- Reed College eliminates application fee to increase applications from low-income students
- President Obama set to convene rare meeting of large group of college leaders
- Obama administration announces new college commitments and funding for low-income students
- $27 Million for Community College Pipeline
- Striving for Educational Equity
Increasing Access, the Online Way
Rather than succumb to the national trends affecting college access, North Carolina decided to reverse them.
Stung by declines in manufacturing, textiles and tobacco but emboldened by the possibilities of newer, skills-based industries in biotechnology and pharmaceuticals, the state tried a novel approach to encouraging low-income and minority students to apply to college: reaching out to them on the Web.
The approach was outlined at the Educause conference in Orlando, where the slogan "Uncommon Thinking for the Common Good" was posted around the convention hall. It's no secret that African-American and Hispanic enrollments lag, proportionally, behind those of their white and Asian-American counterparts, or that educators believe that encouraging low-income and first-generation students to finish college would prepare workers for the service and information economies that many states depend on for their survival.
Meanwhile, 41 percent of freshmen at University of North Carolina campuses are the first in their families to attend college, and such students are statistically at greater risk of not earning a degree. Enter the College Foundation of North Carolina, a partnership of the state's K-12 and college systems funded by the General Assembly and requested by UNC's Board of Governors.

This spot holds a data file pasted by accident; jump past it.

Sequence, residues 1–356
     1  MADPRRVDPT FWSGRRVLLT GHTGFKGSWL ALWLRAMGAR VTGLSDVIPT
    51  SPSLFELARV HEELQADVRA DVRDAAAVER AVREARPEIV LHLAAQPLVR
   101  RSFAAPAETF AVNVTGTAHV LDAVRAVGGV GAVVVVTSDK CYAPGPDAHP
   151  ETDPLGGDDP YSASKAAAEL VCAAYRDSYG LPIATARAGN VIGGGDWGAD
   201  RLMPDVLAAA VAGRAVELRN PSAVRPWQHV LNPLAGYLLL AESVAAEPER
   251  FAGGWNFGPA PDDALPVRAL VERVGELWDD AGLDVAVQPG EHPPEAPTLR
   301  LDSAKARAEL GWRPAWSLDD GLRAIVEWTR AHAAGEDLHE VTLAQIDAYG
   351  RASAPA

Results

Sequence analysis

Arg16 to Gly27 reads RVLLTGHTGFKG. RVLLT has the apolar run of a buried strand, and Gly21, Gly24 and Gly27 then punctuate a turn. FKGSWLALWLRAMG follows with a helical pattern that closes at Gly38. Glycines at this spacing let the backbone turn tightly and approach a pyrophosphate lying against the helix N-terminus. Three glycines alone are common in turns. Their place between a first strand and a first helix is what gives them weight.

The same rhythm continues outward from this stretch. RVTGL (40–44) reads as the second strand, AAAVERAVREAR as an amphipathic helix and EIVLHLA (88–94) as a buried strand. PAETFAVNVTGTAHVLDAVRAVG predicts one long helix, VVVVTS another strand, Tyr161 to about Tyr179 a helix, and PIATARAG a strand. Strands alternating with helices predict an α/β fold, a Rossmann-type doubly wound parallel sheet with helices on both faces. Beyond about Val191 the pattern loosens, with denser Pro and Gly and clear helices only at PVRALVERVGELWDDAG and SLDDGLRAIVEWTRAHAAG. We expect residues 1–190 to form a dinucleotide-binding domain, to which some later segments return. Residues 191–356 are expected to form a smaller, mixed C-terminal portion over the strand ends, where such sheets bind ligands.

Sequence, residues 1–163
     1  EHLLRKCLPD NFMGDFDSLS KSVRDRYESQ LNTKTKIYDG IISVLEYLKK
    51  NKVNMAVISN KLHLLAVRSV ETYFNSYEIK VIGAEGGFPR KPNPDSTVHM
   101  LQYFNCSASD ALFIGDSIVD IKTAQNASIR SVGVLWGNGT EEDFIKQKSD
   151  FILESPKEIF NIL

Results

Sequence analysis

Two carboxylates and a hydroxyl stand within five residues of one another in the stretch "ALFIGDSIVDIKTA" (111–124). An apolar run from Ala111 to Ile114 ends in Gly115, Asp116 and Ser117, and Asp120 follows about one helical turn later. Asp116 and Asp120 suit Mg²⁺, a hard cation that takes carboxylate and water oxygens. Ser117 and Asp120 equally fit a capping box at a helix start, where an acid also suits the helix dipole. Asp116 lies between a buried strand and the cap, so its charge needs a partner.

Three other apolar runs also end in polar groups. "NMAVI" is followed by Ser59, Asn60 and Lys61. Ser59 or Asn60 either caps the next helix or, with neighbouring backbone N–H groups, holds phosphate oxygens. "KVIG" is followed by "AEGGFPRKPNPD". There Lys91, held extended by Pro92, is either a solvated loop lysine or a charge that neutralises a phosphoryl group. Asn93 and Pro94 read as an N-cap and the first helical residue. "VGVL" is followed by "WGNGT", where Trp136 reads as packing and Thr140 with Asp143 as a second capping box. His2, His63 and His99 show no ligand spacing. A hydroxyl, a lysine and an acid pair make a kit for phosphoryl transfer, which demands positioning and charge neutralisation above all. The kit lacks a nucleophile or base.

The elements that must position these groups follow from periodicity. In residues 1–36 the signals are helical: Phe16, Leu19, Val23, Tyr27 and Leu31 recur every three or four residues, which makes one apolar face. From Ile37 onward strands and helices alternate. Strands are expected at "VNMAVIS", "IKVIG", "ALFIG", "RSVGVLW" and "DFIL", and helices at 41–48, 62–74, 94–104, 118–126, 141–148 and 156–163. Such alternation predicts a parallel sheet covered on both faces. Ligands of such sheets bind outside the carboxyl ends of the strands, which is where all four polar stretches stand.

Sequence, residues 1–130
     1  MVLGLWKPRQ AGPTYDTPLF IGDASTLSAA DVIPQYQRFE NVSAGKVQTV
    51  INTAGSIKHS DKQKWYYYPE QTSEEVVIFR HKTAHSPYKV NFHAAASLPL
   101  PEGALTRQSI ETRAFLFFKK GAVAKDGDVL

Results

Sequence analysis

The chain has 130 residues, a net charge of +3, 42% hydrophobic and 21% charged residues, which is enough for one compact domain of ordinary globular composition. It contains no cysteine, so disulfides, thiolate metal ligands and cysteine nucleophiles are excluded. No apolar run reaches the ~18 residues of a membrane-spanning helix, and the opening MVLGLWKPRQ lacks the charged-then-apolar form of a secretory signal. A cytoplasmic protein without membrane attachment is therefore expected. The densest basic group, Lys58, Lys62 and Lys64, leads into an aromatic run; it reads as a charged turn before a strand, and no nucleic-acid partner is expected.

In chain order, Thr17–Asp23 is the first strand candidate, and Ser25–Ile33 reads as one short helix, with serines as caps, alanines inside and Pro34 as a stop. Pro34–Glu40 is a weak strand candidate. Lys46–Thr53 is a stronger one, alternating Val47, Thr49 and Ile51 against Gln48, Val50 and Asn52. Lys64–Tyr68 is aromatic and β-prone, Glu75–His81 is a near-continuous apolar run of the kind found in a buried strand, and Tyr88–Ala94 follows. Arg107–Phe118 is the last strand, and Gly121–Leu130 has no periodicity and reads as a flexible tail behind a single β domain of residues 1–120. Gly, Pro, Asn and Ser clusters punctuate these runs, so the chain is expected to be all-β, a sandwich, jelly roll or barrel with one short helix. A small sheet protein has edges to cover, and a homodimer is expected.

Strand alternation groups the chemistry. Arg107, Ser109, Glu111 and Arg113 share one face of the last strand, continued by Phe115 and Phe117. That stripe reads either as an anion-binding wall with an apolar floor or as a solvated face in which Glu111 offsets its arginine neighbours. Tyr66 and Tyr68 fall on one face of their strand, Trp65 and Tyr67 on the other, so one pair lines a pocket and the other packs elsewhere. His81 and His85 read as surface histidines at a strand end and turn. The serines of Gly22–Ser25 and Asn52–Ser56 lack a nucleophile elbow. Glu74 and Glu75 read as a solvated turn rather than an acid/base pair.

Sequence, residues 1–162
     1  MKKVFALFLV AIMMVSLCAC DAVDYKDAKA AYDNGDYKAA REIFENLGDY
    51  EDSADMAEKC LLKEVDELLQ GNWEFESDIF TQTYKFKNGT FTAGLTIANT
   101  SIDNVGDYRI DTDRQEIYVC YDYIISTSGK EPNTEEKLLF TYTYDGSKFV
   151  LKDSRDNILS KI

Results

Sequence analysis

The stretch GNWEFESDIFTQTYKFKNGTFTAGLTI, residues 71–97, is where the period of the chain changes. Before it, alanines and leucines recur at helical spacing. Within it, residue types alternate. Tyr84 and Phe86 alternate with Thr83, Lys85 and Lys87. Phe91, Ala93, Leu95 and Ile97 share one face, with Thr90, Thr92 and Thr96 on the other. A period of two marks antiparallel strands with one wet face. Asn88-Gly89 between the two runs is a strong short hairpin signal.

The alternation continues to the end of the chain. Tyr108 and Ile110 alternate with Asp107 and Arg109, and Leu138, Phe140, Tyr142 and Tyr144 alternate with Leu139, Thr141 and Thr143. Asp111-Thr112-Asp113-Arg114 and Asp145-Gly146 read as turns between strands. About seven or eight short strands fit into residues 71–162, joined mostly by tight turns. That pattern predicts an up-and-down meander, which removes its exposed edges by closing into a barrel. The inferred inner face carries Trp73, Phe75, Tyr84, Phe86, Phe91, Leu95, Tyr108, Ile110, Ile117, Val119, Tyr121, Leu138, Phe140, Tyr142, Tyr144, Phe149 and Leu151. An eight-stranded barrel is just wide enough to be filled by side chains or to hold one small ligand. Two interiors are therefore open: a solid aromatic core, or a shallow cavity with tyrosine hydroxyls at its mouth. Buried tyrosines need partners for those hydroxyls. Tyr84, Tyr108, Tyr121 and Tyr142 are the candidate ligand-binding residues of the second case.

Its services include online application and transcript services for high school students, telephone hotlines and online help and information on grants. Students can find free SAT test prep, a four-year planner and personalized services. The state has backed the main Web site, CFNC.org, with a major publicity campaign, with the result that 80 percent of high school and middle school parents in North Carolina are aware of it. Of those who know the portal, 84 percent say they anticipate using the services.
But the state's effort doesn't just live online. It's backed up by brick-and-mortar support: In 2007, the CFNC held a College Application Week at 109 high schools for five days in November. In essence, schools would walk their seniors through the process of applying to college online. Over 12,800 students participated, sending over 21,440 applications. This year, the event will be statewide at over 300 high schools.
And the results are already coming in: North Carolina has shown the greatest increase in college participation rates among all states for low-income students from 1999 to 2006, at 3.4 percent, which encompasses the CFNC efforts but not the on-site application drives, according to George R. Dixon, vice provost emeritus at North Carolina State University and a senior fellow at the Institute for College and Career Success.
The rate currently stands at above 26 percent, up from 15 percent in 1993 and 20 percent in 2001.
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